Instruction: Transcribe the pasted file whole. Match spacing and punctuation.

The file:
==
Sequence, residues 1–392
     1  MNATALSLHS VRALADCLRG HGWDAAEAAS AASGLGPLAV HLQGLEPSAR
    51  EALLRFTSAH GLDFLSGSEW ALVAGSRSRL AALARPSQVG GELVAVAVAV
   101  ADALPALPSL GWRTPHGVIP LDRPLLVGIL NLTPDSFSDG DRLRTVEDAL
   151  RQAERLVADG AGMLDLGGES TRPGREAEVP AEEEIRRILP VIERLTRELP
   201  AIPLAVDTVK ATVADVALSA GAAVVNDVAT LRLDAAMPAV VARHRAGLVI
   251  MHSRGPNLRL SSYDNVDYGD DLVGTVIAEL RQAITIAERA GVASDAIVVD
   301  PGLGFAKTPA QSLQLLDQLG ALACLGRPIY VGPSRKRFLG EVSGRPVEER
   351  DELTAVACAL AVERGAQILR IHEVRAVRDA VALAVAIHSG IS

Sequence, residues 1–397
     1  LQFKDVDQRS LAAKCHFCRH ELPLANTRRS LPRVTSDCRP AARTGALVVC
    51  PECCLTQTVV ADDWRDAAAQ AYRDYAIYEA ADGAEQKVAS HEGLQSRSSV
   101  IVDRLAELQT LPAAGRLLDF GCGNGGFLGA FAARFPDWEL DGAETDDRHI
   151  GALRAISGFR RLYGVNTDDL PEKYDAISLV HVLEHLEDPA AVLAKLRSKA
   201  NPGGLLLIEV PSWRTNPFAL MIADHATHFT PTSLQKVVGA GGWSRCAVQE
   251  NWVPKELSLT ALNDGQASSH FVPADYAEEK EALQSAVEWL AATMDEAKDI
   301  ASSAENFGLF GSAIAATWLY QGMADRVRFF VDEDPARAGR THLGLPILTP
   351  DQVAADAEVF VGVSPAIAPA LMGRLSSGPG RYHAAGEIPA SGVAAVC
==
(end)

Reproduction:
Sequence, residues 1–392
     1  MNATALSLHS VRALADCLRG HGWDAAEAAS AASGLGPLAV HLQGLEPSAR
    51  EALLRFTSAH GLDFLSGSEW ALVAGSRSRL AALARPSQVG GELVAVAVAV
   101  ADALPALPSL GWRTPHGVIP LDRPLLVGIL NLTPDSFSDG DRLRTVEDAL
   151  RQAERLVADG AGMLDLGGES TRPGREAEVP AEEEIRRILP VIERLTRELP
   201  AIPLAVDTVK ATVADVALSA GAAVVNDVAT LRLDAAMPAV VARHRAGLVI
   251  MHSRGPNLRL SSYDNVDYGD DLVGTVIAEL RQAITIAERA GVASDAIVVD
   301  PGLGFAKTPA QSLQLLDQLG ALACLGRPIY VGPSRKRFLG EVSGRPVEER
   351  DELTAVACAL AVERGAQILR IHEVRAVRDA VALAVAIHSG IS

Sequence, residues 1–397
     1  LQFKDVDQRS LAAKCHFCRH ELPLANTRRS LPRVTSDCRP AARTGALVVC
    51  PECCLTQTVV ADDWRDAAAQ AYRDYAIYEA ADGAEQKVAS HEGLQSRSSV
   101  IVDRLAELQT LPAAGRLLDF GCGNGGFLGA FAARFPDWEL DGAETDDRHI
   151  GALRAISGFR RLYGVNTDDL PEKYDAISLV HVLEHLEDPA AVLAKLRSKA
   201  NPGGLLLIEV PSWRTNPFAL MIADHATHFT PTSLQKVVGA GGWSRCAVQE
   251  NWVPKELSLT ALNDGQASSH FVPADYAEEK EALQSAVEWL AATMDEAKDI
   301  ASSAENFGLF GSAIAATWLY QGMADRVRFF VDEDPARAGR THLGLPILTP
   351  DQVAADAEVF VGVSPAIAPA LMGRLSSGPG RYHAAGEIPA SGVAAVC